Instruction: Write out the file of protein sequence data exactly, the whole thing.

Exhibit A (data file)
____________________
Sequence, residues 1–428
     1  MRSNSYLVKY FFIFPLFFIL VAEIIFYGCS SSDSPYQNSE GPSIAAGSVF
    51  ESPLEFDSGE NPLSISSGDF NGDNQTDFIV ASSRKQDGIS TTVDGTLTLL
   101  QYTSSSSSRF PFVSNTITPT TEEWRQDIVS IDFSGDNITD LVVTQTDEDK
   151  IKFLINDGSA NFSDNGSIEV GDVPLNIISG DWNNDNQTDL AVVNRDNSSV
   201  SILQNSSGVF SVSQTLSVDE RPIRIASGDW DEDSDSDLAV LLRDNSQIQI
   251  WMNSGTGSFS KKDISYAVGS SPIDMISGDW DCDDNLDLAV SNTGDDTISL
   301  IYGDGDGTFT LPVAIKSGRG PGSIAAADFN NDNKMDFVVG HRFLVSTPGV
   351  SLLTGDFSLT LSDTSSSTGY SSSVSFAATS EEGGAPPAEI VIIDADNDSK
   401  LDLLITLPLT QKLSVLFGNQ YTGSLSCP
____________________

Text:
Sequence, residues 1–428
     1  MRSNSYLVKY FFIFPLFFIL VAEIIFYGCS SSDSPYQNSE GPSIAAGSVF
    51  ESPLEFDSGE NPLSISSGDF NGDNQTDFIV ASSRKQDGIS TTVDGTLTLL
   101  QYTSSSSSRF PFVSNTITPT TEEWRQDIVS IDFSGDNITD LVVTQTDEDK
   151  IKFLINDGSA NFSDNGSIEV GDVPLNIISG DWNNDNQTDL AVVNRDNSSV
   201  SILQNSSGVF SVSQTLSVDE RPIRIASGDW DEDSDSDLAV LLRDNSQIQI
   251  WMNSGTGSFS KKDISYAVGS SPIDMISGDW DCDDNLDLAV SNTGDDTISL
   301  IYGDGDGTFT LPVAIKSGRG PGSIAAADFN NDNKMDFVVG HRFLVSTPGV
   351  SLLTGDFSLT LSDTSSSTGY SSSVSFAATS EEGGAPPAEI VIIDADNDSK
   401  LDLLITLPLT QKLSVLFGNQ YTGSLSCP